Sunday, February 28, 2010

A Very Dry MNT

On a sunny and rather warm Saturday morning (20 Feb), I was taking a slow walk in our nature reserve areas. I noticed that many parts of the MacRitchie Nature Trail (MNT) were quite try and filled with dead fallen leaves.

I am not sure if this is a Coeliccia octogesima which was found along a very shady forest trail. Its wings were spreading out quite evenly whenever it perched on something, not a usual posture displayed by most damselflies.
I saw this giant forest ant (Camponotus gigas) swimming across a narrow stream. This was my first sighting of how an ant overcoming the water obstacle. Finally, it succeeded in crossing the stream.This spider has spiny legs but the eyes don't seem to suggest that this is a kind 0f Lynx spider. It was waiting patiently on a leaf surface, ready to attack any intruders coming close to its territory.
I guess this is a digger wasp which kept buzzing around from leaf to leaf. It stopped occasionally to survey its surrounding. A rather cute black-and-white and pretty butterfly in its own way, this small Lycaenid Elbowed Pierrot (Caleta elna elvira) loves to flutter just above the ground level, looking for "sweet" spots to puddle on. I guess the common name Elbowed Pierrot was given to this species because of the L-shaped elbow-like black band near the base of the forewing beneath.
This particular species of Robber Fly seems to be abundant in our nature reserves as it kept appearing in the past two weeks. Robber Flies are carnivorous and their sharp mouth parts together with their compound eyes make them dangerous and deadly predators of other insects. Robber Flies are popular subjects for macro-photographers. I am no exception and I particularly like to take the side view shot.
This dark brown skipper is Banded Demon (Notocrypta paralysos varians) (Correct id should be Quedara monteithi monteithi . Thanks Khew). It can be seasonally common. A distinctive feature of this skipper is its white band on the forewing from the costal (the edge ) to the discal region. It tends to feed on flowers in the early morning. In fact, the upperside of the forewings has similar white irregular discal bands. This skipper was very sensitive to camera flash, both shots here were taken using the natural light source only.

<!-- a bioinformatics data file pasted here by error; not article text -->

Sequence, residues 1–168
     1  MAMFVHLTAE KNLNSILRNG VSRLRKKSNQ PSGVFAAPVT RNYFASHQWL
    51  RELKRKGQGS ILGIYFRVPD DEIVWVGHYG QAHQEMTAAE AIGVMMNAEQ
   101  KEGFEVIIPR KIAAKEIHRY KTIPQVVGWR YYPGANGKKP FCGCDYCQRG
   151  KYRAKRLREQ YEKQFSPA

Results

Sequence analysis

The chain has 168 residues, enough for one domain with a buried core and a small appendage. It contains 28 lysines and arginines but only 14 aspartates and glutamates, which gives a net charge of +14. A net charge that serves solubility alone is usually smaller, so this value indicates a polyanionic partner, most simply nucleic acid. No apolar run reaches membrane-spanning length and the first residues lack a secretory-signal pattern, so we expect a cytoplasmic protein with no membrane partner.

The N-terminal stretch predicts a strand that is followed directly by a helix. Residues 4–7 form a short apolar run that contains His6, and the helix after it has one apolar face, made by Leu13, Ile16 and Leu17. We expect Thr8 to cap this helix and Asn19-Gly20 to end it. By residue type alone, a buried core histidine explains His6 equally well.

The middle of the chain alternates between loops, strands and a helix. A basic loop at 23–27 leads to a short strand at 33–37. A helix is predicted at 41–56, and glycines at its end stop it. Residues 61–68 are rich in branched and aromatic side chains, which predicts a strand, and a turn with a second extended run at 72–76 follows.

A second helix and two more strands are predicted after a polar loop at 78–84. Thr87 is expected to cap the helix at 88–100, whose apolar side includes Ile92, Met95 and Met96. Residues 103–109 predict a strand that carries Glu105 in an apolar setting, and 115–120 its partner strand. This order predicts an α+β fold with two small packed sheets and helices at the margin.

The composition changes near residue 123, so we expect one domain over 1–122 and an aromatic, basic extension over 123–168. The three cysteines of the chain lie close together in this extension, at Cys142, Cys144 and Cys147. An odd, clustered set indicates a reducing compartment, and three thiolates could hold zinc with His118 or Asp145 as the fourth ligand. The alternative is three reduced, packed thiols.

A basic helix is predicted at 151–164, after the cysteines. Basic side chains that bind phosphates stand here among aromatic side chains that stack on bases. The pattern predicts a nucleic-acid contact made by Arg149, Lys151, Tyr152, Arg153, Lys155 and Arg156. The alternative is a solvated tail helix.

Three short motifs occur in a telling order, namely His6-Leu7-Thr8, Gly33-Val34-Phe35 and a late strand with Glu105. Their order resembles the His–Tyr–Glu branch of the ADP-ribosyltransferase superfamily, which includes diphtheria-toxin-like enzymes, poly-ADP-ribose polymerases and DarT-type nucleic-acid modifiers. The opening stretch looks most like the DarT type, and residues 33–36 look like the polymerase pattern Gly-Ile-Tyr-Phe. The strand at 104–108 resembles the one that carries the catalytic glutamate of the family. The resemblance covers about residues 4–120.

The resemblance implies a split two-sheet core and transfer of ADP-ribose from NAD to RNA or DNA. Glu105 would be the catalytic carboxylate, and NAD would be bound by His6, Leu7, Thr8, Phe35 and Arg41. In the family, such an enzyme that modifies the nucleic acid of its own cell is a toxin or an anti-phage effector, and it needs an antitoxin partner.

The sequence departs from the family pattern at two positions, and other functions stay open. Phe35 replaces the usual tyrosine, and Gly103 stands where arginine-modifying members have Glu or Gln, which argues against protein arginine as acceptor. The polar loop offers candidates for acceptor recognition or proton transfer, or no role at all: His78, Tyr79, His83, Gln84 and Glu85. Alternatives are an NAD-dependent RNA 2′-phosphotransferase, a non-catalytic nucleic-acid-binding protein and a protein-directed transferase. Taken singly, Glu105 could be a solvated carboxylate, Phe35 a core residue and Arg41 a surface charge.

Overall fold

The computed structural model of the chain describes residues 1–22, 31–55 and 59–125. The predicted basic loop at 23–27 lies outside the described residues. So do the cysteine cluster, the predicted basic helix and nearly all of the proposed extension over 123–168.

Saturday, February 20, 2010

First Day of The Tiger Year @ Lower Pierce Reservoir Park

I decided to "sneak out" to Lower Peirce Reservoir Park in the early afternoon on the first day of the Tiger Year (14 Feb). I was rather disappointed that there wasn't any red butterflies or critters appeared to say "Gong Xi Fa Cai" to me. Perhaps they have gone to visit their relatives in other parts of the forested areas.

A very common and widely spread butterfly, the underside wings of Common Palmfly (Elymnias hypermnestra agina) are speckled and brown predominantly. This species very rarely opens its wings to reveal its upperside. Very frequently, Painted Jezebel (Delias hyparete metarete ) was seen fluttering at tree tops. This specimen was kind enough to remain at my eye level for a while. The orange and yellow patches on the underside of the hindwings make this slow-flying Delias species a very pretty and elegant butterfly.
There were quite a few small blue leaf beetles. I found this pair was "teasing" each other using their antennae, a rather interesting behaviour. I guess they were going through a kind of courtship ritual before mating. Or were they "fighting" ? This hairy moth larva with a pretty cute head was crawling on a twig. It moved rather fast. I tried to snap its side view before it turned around on the twig.

This is another moth larva found resting on a leaf surface. We can easily spot Robber Fly species (Family : Asilidae) in our forested areas. They are stout and fierce predators of butterflies, moths and other smaller insects. This is the dorsal view of the same fly which stayed quite still in a shade. I suppose this is another species of beetle which kept moving on a leaf surface. A few senior citizens and a group of foreign workers were intrigued by two different melody of bird songs but we just could not locate where exactly the birds were at the forest canopy. Many of us stood there for a while and enjoyed the beautiful music they have created for us - I should have recorded the songs.